May 5, 2009— -- When Joel Engelman was 8 years old, he says, he was called from his Hebrew class to the principal's office at his Brooklyn yeshiva, a Jewish religious school. His parents had recently told Rabbi Avrohom Reichman that their son had been abused by an older boy at the school, he says.
But he says the rabbi was not offering to help that day.
When Engelman arrived at the principal's office, he says, Reichman told him to close the door. He told the boy to sit on his lap and began swiveling his chair back and forth, Engelman says. Reichman then touched him, moving from his shoulders down, Engelman claims.
The same kind of abuse went on twice a week for several months before he left the school, Engelman claims in a civil lawsuit filed against the yeshiva, the United Talmudical Academy.
For more than 10 years, Engelman, now 23, kept what he says happened to himself. He left the orthodox community and found new friends. It wasn't until about two years ago, when he says he heard that other boys allegedly had been abused by Reichman, that he tried to do something about it.
But Engelman says the response from religious leaders has been just as disturbing as the alleged abuse. He claims the school's religious leaders told him not to go to the police, and promised to remove Reichman from the school, which they did for a few months.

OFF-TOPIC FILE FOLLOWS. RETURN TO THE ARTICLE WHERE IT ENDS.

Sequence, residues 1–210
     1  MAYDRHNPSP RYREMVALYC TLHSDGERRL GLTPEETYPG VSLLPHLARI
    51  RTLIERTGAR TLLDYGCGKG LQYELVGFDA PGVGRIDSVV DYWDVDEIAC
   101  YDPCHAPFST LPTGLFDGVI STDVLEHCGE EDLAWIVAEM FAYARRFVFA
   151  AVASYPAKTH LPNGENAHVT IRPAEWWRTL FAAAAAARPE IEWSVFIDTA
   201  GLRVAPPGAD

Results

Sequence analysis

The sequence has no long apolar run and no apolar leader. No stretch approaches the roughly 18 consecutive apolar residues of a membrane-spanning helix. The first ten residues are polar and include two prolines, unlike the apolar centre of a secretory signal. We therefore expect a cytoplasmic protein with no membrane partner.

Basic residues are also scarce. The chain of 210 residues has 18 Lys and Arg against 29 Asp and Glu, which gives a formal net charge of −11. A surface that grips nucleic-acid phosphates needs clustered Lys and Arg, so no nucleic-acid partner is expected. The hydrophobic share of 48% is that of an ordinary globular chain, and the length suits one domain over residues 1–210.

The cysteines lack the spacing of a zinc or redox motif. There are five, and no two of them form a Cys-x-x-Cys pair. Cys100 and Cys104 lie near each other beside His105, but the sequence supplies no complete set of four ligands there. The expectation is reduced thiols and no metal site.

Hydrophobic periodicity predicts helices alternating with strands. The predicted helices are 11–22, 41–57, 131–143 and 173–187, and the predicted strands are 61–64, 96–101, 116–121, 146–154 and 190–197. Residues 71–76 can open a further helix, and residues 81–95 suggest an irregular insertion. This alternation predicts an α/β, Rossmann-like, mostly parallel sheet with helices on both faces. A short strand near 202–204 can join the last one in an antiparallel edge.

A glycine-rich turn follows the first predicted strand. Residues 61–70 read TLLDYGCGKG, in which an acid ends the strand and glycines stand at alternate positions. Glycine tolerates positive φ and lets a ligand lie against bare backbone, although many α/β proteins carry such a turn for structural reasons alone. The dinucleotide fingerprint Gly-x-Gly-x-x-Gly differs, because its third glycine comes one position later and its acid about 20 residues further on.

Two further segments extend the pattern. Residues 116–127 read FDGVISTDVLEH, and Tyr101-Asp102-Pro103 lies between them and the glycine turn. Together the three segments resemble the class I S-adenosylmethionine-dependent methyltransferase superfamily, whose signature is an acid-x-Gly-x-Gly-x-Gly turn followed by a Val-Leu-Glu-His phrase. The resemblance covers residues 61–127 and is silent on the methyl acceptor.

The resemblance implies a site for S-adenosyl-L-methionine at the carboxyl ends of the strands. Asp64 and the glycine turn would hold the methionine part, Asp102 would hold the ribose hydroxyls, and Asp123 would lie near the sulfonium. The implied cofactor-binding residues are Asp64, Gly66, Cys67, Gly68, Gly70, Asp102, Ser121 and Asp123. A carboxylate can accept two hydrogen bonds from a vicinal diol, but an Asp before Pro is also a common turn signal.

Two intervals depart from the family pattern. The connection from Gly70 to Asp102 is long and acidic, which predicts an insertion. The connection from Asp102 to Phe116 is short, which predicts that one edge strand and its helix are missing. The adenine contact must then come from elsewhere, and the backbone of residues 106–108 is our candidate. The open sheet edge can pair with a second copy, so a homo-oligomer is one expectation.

"They kept telling me, 'Don't go to the police, don't do anything. We've dealt with this before,'" with other teachers, he said. "It really shocked me."
A few days after the statute of limitations for Engelman to file a civil or criminal case against Reichman for abuse passed, the school reinstated the rabbi, the lawsuit claims.
Engelman's is among a handful of publicized cases of alleged abuse within the insular Orthodox Jewish community. But alleged victims and their advocates say it is far from an isolated instance.
The Brooklyn district attorney's office, which last month announced a hotline for alleged Orthodox sex abuse victims, says it has 19 active cases of alleged sex abuse in the borough's Orthodox Jewish community. And advocates say the problem extends beyond Brooklyn.
"If you're a pedophile, just go to one of the orthodox communities. You're probably safest there," said New York State Assemblyman Dov Hikind, himself an Orthodox Jew. "It's sad for me to say that, but it's true."